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autism

Autism Treatments, Therapies, and Interventions

Wondering how you can help your child with autism spectrum disorder reach their fullest potential? Learn more about common autism treatments that can lead to healthy growth and development.

Smiling mother and little son playing with colorful plastic blocks at home

Understanding autism treatment options

Finding out that your child has autism spectrum disorder (ASD) can be a shock. You might feel upset and even fearful about their future. But it’s important to remember that every child has their own strengths and weaknesses—and a child with autism is no exception.

There are many treatments that can help children with ASD acquire new skills and overcome a variety of developmental challenges. These treatments don’t aim to cure ASD. Instead, they help improve your child’s ability to socialize and play, function academically, and move through everyday life with adaptive skills.

Not every ASD treatment approach is effective for every child, though. It may take some time to tailor the treatment options to your child’s specific needs. But a little patience and persistence can make a big difference in your child’s life. Learning about the many treatments available can help you start to identify which approaches are best for your child and ensure they develop to their full potential.

Types of autism treatment available

When it comes to early autism treatment options, there are a dizzying variety of therapies and approaches. Some autism therapies focus on reducing problematic behaviors and building communication and social skills, while others deal with sensory integration problems, motor skills, emotional issues, and food sensitivities.

With so many choices, it is extremely important to do your research, talk to autism treatment experts, and ask questions. But keep in mind that you don’t have to choose just one type of therapy. The goal of autism treatment should be to treat your child’s unique array of symptoms and needs. This often requires a combined treatment approach that incorporates several different types of therapy.

[Read: Helping Your Child with Autism Thrive]

Common autism treatments include behavior therapy, speech-language therapy, play-based therapy, physical therapy, occupational therapy, and nutritional therapy. But keep in mind that the routine is important and the program should be designed in a way that can be sustained. You should think about what skills and behaviors are most essential and treat those first. It may not be possible to tackle everything at once.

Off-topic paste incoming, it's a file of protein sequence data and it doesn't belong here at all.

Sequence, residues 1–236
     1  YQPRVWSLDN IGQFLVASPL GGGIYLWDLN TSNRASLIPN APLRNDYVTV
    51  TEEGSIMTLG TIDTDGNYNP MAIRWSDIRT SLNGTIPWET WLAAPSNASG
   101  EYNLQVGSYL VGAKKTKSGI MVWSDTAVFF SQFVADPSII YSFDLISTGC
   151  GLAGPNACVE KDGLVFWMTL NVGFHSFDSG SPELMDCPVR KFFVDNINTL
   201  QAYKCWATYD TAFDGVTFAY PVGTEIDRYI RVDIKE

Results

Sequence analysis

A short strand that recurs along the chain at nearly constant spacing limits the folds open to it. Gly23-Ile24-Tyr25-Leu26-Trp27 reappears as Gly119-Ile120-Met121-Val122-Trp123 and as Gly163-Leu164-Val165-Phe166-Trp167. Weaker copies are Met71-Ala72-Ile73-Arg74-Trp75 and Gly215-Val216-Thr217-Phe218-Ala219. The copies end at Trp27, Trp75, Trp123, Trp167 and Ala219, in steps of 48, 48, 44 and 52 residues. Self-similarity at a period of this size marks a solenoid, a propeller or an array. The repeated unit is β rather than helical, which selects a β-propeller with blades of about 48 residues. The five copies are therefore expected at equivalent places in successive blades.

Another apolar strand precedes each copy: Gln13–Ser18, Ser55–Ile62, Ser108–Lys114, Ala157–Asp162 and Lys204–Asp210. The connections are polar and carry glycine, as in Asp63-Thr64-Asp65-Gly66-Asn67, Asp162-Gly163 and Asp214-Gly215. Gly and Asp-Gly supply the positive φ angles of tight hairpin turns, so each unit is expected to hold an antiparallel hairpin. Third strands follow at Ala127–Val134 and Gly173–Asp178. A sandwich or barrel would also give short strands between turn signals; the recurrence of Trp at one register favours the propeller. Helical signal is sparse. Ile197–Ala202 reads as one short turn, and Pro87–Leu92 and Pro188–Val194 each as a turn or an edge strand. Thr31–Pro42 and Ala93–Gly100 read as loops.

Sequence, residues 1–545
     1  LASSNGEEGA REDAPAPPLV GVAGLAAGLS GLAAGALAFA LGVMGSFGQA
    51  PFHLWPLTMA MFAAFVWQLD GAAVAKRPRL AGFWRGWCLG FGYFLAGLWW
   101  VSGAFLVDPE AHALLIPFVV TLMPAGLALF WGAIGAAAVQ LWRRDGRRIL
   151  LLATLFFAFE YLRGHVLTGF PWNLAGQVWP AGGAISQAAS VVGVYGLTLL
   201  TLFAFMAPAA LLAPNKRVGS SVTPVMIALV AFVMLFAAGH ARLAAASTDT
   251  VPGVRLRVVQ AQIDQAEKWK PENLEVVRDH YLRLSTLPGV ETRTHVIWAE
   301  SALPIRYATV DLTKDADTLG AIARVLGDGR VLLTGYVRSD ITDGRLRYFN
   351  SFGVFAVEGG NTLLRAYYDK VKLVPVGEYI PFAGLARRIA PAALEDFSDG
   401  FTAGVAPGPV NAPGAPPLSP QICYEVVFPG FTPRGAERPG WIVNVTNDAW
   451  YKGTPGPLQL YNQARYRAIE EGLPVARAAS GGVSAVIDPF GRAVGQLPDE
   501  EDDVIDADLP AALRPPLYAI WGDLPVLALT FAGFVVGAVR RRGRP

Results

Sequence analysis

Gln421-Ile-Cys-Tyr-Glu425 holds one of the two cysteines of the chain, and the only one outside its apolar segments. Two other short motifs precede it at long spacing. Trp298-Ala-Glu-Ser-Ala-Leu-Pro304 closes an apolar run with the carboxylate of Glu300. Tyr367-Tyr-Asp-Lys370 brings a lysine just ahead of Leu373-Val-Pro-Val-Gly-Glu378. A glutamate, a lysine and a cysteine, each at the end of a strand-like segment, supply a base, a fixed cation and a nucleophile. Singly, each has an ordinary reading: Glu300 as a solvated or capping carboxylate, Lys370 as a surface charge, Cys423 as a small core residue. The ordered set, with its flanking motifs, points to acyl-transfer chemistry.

Behavior therapy

Behavior therapy is a commonly used ASD treatment that aims to encourage desired behaviors and reduce unwanted behaviors. Most behavior therapies follow techniques set out by applied behavior analysis (ABA). ABA aims to help a child with ASD understand the connection between behaviors and consequences.

In ABA-based therapy, attempts at desired behavior are positively reinforced. For example, a therapist might offer praise when a child tries to politely ask for help. Because a reward follows the behavior, the child is more likely to repeat the action. On the other hand, if the child has an angry outburst, no reward is given.

ABA is an evidence-based approach. It’s also highly adaptable, so it can meet the needs of each child. Studies show that long-term, intensive therapy can improve a child’s life skills, intellectual abilities, and social skills.

Early Start Denver Model (ESDM)

ESDM is an approach that works best for 12- to 48-month-olds and follows the practices of ABA. The sessions revolve around natural play and joint activities with therapists and parents. Singing could be used to encourage a child with ASD to vocalize, or a mimicry game could be used to teach the child to identify body parts. ESDM focuses on creating positive social interactions, enhancing communication and cognitive skills in the process.

It’s important for you to be involved in your child’s ESDM sessions. Fortunately, the sessions are flexible enough to take place at a clinic or in your own home. A therapist can guide you through what you need to know. Studies, including brain scan research, suggest that ESDM improves language and communication skills as well as adaptive behavior.

Pivotal Response Treatment (PRT)

PRT is another play-based approach that follows ABA practices. Rather than honing in on specific behaviors, PRT focuses on broader areas, including motivation, self-management, response to multiple cues, and initiation of social interactions. By focusing on these pivotal areas, PRT helps children make broad improvements with social skills and communication.

During a session, a therapist might put the child’s favorite food or toy within view but out of reach. A situation like this encourages the child to speak up and ask for the item.

PRT has been studied since the 1970s, and it’s been used in both one-on-one and group sessions. Studies suggest that it can be effective at building communication skills in children.

Discrete Trial Training (DTT)

DTT is an ABA-based approach that is more structured than PRT. A skill is broken down into smaller pieces. When teaching a child with ASD to write their name, a DTT approach might break the process down letter by letter. And forming each letter might be broken down into a stroke-by-stroke process. As the child advances through each step, they receive positive reinforcement.

DTT is effective in teaching skills to children with ASD, and has been used since the 1970s. This type of training doesn’t involve as much natural play as ESDM or PRT.